What Is The Maximum Length Of A Text Value In Power BI?

What Is The Maximum Length Of A Text Value In Power BI?

What is the maximum length of a text value in Power BI? It turns out that this is a more complex question than you might think!

The maximum length of a text value that the Power Query engine can load into a single cell in a table in a dataset is 32766 characters – any more than that and the text will be silently truncated. However, if you’re working with text inside the Power Query engine you’ll find that you can work with much longer text values.  To illustrate this, consider the following M query:

    Source = 
            type table[charcount = number],
    #"Added Custom" = 
            each Text.Repeat("1", [charcount]),
            type text
    #"Inserted Text Length" = 
            #"Added Custom", 
            each Text.Length([LongText]), 
    #"Inserted Text Length"

It creates a table with four rows and three columns. The first column contains the numbers 1, 10000, 30000 and 40000; the second column contains the character “1” repeated the number of times given in the first column; the third column returns the length of the text in the second column using the Text.Length() M function. Here’s the output in the Power Query Editor, which is pretty much as you’d expect:

I’m not sure if there is a maximum length for text values in M; I experimented with adding an extra row to the table above with a 900,000,000 character text value and Text.Length() was able to return the correct value, albeit after a bit of a wait.

Load the table above into your Power BI dataset though, and add a DAX calculated column with the following expression:

DAX Length = LEN('LengthsDemo'[LongText])

…and you can see in the Data pane of the main Power BI Desktop window that the long text value in the last row has been truncated to 32766 characters:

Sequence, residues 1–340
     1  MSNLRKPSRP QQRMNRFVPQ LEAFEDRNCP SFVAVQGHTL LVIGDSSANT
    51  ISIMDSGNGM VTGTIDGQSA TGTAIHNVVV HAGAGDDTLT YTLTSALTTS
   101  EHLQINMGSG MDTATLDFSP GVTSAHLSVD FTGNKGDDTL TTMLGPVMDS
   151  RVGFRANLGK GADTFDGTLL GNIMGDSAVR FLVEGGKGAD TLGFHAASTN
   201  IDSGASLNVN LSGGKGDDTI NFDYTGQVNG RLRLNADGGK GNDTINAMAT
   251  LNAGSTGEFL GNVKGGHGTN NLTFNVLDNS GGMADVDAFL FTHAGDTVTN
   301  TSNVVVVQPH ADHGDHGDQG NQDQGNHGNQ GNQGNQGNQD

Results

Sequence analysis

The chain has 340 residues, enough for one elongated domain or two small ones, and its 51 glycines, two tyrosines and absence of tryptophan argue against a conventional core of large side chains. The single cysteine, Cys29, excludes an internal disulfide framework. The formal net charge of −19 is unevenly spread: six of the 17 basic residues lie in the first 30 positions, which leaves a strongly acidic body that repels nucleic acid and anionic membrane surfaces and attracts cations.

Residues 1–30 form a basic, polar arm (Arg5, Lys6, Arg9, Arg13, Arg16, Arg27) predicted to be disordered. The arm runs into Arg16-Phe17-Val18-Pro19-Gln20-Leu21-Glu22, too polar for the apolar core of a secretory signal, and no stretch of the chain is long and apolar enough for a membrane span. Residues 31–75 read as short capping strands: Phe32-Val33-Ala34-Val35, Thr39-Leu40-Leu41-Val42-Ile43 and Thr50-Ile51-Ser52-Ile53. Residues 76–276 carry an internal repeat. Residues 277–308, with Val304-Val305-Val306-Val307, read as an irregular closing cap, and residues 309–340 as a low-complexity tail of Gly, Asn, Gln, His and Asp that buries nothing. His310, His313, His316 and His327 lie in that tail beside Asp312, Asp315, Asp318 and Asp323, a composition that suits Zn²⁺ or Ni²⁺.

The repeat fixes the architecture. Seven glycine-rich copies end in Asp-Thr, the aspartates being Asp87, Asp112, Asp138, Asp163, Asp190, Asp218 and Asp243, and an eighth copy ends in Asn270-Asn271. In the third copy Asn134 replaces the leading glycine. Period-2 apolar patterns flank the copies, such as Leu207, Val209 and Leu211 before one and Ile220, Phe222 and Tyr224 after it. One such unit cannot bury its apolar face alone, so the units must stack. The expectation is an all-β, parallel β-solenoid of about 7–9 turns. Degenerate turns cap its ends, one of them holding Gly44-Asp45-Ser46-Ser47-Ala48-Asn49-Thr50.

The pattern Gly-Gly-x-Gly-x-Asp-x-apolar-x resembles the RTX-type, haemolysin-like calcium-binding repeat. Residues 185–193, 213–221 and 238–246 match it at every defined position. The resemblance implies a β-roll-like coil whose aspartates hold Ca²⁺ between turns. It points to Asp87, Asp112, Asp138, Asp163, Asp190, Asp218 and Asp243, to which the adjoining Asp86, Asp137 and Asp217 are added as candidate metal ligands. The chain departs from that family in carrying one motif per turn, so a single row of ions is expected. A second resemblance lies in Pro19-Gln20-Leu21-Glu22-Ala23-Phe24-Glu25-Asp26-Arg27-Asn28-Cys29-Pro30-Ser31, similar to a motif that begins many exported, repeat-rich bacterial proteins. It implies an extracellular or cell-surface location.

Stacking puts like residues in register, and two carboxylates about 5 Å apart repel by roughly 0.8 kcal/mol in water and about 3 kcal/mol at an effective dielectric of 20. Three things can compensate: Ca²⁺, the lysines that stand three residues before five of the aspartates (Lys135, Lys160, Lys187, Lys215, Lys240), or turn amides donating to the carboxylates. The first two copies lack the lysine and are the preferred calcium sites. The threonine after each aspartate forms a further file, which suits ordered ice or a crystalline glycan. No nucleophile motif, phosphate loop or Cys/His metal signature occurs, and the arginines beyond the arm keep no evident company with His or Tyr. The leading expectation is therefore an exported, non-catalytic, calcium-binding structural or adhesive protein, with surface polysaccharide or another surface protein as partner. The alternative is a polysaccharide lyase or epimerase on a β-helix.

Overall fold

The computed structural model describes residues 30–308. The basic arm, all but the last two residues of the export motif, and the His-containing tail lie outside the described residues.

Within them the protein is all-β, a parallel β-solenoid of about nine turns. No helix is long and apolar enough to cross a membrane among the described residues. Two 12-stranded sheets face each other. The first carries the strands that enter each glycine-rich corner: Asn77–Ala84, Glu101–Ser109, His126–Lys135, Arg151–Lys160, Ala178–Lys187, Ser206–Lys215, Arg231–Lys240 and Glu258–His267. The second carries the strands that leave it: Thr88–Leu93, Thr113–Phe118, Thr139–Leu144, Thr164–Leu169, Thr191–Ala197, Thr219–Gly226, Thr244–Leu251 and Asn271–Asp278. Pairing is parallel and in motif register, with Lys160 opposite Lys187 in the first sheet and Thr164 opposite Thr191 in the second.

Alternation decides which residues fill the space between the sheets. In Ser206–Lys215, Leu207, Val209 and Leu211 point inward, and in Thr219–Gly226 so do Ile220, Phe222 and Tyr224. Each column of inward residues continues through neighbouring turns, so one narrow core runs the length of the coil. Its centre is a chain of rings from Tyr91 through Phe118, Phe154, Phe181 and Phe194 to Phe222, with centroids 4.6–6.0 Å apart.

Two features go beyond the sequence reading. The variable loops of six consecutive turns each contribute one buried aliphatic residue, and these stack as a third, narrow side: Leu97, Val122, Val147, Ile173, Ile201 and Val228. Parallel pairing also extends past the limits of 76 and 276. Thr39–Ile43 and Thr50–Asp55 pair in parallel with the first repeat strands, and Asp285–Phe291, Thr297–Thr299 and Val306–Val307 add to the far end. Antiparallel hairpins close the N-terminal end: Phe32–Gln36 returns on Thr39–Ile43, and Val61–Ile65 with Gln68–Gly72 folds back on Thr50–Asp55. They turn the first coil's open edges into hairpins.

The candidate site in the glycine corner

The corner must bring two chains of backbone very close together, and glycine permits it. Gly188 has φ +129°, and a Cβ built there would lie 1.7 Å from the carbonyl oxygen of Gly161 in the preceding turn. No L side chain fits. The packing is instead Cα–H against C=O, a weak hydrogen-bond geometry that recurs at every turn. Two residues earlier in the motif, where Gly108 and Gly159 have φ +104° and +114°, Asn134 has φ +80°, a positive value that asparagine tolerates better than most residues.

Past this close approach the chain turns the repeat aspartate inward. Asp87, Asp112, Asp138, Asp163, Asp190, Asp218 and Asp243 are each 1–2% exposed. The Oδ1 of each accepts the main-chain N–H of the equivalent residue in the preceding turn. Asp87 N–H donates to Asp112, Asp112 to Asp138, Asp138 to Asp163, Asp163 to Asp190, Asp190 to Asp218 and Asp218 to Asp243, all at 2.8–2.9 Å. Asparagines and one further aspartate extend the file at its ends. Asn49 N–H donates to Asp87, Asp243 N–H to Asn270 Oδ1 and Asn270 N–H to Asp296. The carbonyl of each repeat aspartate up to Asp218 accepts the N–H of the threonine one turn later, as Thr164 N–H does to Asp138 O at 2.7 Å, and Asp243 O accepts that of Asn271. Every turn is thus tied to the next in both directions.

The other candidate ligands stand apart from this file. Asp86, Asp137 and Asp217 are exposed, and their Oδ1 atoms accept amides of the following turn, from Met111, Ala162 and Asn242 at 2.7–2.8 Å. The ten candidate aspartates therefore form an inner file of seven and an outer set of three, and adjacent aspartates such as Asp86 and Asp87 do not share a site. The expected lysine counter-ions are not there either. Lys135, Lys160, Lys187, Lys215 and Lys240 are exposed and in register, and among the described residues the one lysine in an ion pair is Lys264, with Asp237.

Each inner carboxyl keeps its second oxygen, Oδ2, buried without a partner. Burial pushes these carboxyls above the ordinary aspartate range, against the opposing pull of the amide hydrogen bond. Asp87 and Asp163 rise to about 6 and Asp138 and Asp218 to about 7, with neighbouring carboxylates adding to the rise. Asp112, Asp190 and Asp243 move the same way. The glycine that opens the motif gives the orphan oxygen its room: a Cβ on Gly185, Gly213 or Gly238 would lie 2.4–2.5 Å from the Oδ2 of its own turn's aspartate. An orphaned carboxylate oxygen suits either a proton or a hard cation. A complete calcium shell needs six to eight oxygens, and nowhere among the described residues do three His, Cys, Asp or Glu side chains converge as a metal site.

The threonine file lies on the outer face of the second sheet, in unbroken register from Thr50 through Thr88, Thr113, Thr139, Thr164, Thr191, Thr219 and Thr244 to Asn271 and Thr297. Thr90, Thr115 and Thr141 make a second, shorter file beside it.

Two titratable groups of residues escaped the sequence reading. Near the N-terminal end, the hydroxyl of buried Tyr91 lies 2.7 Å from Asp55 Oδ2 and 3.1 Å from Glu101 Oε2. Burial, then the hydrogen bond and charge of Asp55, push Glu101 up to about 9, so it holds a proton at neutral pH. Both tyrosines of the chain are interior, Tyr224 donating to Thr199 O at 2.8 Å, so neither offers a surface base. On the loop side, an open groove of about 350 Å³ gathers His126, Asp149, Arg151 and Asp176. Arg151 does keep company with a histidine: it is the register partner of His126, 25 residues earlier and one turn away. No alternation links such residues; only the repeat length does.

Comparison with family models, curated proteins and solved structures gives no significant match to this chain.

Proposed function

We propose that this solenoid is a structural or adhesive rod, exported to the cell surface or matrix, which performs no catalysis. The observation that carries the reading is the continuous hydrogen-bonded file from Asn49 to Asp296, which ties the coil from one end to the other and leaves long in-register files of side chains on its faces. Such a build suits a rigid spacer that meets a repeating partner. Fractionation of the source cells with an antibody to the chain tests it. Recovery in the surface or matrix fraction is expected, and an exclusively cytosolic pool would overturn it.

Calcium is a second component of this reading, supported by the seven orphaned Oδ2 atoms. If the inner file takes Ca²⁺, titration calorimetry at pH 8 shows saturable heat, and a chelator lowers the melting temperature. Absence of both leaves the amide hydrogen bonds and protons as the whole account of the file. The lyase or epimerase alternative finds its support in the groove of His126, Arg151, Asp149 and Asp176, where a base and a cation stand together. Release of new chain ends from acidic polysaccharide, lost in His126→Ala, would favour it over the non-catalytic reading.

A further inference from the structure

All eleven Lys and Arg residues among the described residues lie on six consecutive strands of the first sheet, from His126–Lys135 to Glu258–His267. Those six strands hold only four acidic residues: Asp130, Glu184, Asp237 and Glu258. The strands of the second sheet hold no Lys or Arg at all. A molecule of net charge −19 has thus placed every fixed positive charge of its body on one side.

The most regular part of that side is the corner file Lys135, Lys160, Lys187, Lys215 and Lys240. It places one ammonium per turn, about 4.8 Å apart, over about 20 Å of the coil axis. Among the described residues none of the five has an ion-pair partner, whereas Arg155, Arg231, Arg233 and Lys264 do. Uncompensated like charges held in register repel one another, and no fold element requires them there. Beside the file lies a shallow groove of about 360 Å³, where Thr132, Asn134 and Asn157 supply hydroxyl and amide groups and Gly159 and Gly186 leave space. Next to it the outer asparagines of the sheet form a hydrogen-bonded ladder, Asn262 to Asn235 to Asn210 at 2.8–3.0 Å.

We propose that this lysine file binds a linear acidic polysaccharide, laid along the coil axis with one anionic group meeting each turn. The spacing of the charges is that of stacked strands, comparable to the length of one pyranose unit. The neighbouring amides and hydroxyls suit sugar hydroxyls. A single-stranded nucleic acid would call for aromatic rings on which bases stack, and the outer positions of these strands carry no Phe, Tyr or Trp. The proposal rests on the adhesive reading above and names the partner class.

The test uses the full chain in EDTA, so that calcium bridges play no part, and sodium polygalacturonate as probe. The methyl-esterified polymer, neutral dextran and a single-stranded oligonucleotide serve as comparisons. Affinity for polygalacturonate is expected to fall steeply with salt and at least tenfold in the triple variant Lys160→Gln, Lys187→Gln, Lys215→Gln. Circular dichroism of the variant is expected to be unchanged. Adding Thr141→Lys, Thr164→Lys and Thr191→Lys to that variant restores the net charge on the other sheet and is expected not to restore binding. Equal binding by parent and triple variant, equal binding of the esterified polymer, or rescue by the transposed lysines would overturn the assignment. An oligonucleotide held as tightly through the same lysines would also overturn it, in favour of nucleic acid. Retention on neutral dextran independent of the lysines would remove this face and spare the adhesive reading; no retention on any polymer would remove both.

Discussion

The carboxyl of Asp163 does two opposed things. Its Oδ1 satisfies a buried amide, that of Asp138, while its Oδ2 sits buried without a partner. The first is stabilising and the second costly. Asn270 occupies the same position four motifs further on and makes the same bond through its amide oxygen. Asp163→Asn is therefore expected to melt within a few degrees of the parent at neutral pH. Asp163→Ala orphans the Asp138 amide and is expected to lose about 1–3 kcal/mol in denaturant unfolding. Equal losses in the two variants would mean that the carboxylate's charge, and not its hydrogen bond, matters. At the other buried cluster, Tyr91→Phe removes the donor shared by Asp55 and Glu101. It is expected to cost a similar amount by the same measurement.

Once you’ve loaded your data into Power BI the documentation says that the maximum length of a text value is “268,435,456 Unicode characters (256 mega characters) or 536,870,912 bytes”. The bad news is that many DAX functions such as ConcatenateX() put a limit on the length of the text values that they can work with at around 2.1 million characters (thank you Jeffrey Wang for providing this information – it isn’t documented anywhere at the moment). If you exceed this limit you’ll get the following error:

Function ‘PLACEHOLDER’ encountered a Text that exceeds the maximum allowable length.

In summary, then, there are two different practical limits on the maximum length of a text value in Power BI: the 32766 character limit on text being loaded into Power BI, and the 2.1 million character limit in DAX functions. The first of these can be worked around with some clever M – you need to split long text values up into multiple smaller values stored in different columns or rows – but even if you do this, the second limit may stop you recreating the original value after the data has been loaded.

Why is this useful or important? How can you split text values up in M in the most efficient way? I’ll come to that in my next two posts!

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